Exhaustive treatment in three parts – intro to hermeneutics, principles of hermeneutics, and history of interpretation. Earlier decades expected a much higher competence of biblical interpreters, and reading through chapters detailing the 6-8 languages that proficiency is expected in, and the number of ANE religions to be aware of is intimidating.
Terry is solid and skilled, defending the historical-grammatical method throughout, with an appreciation of typology that could use a little more nuance. He is strongest in prophecy and apocalyptics,but his chapters on science and scripture (where he argues for a local flood and a local creation) are so thunderously bad that I start to be suspicious of the apparently wonderful principles that he articulates earlier. His confidence in a rational system of interpretation wouldn’t seem to make it unscathed through either a presuppositional or postmodern filter, and this is the direction I would push to find out how he muffed Genesis so badly.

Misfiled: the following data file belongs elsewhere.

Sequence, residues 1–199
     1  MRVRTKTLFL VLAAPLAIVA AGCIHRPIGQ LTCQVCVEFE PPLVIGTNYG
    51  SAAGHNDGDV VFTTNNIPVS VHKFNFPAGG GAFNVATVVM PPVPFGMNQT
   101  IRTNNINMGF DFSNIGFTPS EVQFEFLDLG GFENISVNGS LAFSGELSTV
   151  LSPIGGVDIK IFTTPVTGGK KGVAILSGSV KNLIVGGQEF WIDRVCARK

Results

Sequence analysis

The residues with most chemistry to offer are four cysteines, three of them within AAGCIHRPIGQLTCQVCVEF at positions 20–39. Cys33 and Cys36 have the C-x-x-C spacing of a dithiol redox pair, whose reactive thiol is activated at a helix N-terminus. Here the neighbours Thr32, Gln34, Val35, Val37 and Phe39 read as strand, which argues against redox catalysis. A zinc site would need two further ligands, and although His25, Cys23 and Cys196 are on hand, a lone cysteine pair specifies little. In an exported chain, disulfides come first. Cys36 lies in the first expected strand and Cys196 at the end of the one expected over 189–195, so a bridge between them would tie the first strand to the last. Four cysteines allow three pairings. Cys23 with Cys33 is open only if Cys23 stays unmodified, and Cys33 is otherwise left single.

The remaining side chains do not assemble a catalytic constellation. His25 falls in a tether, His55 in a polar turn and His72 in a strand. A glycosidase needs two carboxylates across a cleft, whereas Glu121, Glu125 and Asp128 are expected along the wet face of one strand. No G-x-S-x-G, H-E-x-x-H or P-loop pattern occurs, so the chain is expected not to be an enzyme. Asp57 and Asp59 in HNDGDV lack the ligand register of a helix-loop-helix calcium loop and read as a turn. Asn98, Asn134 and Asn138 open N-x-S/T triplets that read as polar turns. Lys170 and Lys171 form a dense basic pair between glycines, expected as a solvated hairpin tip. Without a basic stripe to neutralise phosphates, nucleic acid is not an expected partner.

His third section is very helpful for evaluating centuries of commentary, identifying key figures and their contributions, whether he agrees with their methodology or not.
Took this fairly fast reader forever to read, for whatever that’s worth.